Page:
Wang Huning

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This is a Chinese name; the family name is Wang.

Wang Huning (simplified Chinese: 王沪宁; traditional Chinese: 王滬寧; pinyin: Wáng Hùníng; born October 6, 1955) is Chinese political theorist and one of the top leaders of the Communist Party of China, and a current member of the party's Politburo. He served as secretary of the Secretariat of the Communist Party of China Central Committee in 2007-2012, and as the head of CPC Policy Research Office since 2002.[1] Wang is believed to been one of the principal theorists behind the official political ideologies of three administrations: "Three Represents" by Jiang Zemin, the Scientific Development Concept by Hu Jintao, and the Chinese Dream of Xi Jinping.[2]


Born in Shanghai,[3] Wang was recommended to enter East China Normal University in 1974 to study French. He was enrolled in the Department of International Politics at Fudan University in 1977 to pursue his postgraduate degree. His mentors were Chen Qiren and Wang Bangzuo. After graduation, Wang stayed at Fudan University and became the youngest dean. In 1993, Wang led the Fudan student debate team to participate in an international college debate contest in Chinese held in Singapore. The team won the championship, thus gained him great reputation.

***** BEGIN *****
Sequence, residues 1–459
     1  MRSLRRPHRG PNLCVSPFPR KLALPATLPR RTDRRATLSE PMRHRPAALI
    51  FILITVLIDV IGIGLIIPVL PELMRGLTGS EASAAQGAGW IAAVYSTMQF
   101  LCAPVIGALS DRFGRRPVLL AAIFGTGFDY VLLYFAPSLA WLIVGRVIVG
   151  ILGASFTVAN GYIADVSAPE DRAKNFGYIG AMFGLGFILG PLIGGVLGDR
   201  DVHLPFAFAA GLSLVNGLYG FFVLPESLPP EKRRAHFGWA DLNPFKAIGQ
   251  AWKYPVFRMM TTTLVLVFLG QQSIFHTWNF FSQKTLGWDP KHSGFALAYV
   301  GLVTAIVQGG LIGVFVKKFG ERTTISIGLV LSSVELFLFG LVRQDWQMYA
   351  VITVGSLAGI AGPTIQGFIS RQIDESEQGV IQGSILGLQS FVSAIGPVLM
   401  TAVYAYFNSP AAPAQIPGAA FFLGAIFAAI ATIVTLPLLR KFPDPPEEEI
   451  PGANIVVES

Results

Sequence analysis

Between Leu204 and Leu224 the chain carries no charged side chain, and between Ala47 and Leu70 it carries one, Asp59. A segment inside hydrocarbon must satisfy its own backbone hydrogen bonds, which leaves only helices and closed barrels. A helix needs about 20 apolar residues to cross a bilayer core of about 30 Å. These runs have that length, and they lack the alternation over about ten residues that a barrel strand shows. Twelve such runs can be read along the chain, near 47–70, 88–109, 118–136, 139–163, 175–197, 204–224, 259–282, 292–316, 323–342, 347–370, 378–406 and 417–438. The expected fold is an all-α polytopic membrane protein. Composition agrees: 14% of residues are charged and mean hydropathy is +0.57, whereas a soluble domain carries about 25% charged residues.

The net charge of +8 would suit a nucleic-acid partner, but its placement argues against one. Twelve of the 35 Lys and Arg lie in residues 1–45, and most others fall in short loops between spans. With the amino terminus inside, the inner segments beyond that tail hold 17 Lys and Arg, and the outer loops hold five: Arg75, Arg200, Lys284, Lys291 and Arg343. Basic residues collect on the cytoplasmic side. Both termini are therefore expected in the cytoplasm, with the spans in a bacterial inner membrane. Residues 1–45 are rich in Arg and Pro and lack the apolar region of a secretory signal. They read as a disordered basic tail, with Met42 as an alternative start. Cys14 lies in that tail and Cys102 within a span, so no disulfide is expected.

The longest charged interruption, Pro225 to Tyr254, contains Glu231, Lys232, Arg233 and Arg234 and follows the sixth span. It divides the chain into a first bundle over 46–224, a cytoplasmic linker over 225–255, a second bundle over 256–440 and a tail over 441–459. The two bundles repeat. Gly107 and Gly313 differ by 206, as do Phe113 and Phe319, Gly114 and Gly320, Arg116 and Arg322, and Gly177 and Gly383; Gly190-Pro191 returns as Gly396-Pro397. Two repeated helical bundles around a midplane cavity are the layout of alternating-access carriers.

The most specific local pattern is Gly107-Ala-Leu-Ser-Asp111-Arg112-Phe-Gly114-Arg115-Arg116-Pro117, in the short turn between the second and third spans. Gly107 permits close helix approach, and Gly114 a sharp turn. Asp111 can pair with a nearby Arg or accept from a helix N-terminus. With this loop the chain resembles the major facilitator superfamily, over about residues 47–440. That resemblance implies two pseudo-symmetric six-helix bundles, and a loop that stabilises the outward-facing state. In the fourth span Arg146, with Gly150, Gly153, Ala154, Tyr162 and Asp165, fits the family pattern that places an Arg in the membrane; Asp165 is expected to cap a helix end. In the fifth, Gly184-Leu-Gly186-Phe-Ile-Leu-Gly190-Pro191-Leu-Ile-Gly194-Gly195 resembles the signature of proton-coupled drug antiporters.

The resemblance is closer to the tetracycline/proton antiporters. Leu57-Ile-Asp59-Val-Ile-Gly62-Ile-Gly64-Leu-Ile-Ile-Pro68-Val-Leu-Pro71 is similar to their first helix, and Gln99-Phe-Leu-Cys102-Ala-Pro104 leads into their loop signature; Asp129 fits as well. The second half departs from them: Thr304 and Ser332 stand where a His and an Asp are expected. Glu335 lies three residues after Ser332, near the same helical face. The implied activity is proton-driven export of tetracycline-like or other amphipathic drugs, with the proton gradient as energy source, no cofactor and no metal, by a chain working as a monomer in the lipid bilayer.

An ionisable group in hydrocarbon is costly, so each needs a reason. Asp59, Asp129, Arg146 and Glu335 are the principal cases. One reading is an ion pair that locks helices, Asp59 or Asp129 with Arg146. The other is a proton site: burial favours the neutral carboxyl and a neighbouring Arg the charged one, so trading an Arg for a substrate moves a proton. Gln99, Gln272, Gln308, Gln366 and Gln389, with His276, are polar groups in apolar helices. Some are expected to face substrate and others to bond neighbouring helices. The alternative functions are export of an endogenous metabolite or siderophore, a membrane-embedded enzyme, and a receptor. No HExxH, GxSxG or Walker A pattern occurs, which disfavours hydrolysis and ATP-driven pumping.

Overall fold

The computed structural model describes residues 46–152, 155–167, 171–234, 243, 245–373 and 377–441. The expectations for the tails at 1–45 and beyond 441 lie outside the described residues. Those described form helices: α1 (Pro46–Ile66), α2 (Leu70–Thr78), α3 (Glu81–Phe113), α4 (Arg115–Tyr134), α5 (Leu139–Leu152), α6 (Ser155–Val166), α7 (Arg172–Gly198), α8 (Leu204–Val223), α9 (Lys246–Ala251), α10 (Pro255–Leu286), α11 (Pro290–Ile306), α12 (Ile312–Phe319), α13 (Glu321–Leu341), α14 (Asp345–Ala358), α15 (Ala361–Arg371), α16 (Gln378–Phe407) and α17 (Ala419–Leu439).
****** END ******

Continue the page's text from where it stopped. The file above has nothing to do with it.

From 1995, Wang started to take political posts. He was admitted into Policy Research Office of CPC, and served as Chief of Politics section, and later Deputy Chief of the Office. He was promoted to Chief of the Office in 2002. Wang was regarded as one of major brain-powers of Jiang Zemin.

Wang was a member of 16th and 17th Central Committee of the Communist Party of China, and is currently a member of the 18th. He was also elected to the 18th Politburo of the Communist Party of China in November 2012.

Wang authored several books, including Logic of Politics - the Principal of Marxism Politics, America against America, General Introduction to New Politics, Analysis of Modern Western Politics, Analysis of Comparative Politics, and Debate Contest in Lion City.


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